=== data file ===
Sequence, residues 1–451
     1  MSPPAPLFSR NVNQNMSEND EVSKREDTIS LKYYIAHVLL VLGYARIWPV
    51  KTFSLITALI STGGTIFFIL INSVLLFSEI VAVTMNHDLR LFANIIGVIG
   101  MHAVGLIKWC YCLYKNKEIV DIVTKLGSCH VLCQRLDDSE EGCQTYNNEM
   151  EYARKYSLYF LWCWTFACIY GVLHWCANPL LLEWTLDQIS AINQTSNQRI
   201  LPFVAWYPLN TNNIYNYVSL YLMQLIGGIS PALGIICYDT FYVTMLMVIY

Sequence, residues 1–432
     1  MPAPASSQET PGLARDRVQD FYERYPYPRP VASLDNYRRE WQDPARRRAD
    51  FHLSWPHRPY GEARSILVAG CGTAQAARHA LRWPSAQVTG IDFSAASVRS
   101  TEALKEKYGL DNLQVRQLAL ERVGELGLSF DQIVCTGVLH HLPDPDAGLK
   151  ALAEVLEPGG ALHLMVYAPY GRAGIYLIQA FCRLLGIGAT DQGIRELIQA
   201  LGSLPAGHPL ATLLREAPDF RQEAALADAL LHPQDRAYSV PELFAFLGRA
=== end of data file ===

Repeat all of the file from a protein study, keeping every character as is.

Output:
Sequence, residues 1–451
     1  MSPPAPLFSR NVNQNMSEND EVSKREDTIS LKYYIAHVLL VLGYARIWPV
    51  KTFSLITALI STGGTIFFIL INSVLLFSEI VAVTMNHDLR LFANIIGVIG
   101  MHAVGLIKWC YCLYKNKEIV DIVTKLGSCH VLCQRLDDSE EGCQTYNNEM
   151  EYARKYSLYF LWCWTFACIY GVLHWCANPL LLEWTLDQIS AINQTSNQRI
   201  LPFVAWYPLN TNNIYNYVSL YLMQLIGGIS PALGIICYDT FYVTMLMVIY

Sequence, residues 1–432
     1  MPAPASSQET PGLARDRVQD FYERYPYPRP VASLDNYRRE WQDPARRRAD
    51  FHLSWPHRPY GEARSILVAG CGTAQAARHA LRWPSAQVTG IDFSAASVRS
   101  TEALKEKYGL DNLQVRQLAL ERVGELGLSF DQIVCTGVLH HLPDPDAGLK
   151  ALAEVLEPGG ALHLMVYAPY GRAGIYLIQA FCRLLGIGAT DQGIRELIQA
   201  LGSLPAGHPL ATLLREAPDF RQEAALADAL LHPQDRAYSV PELFAFLGRA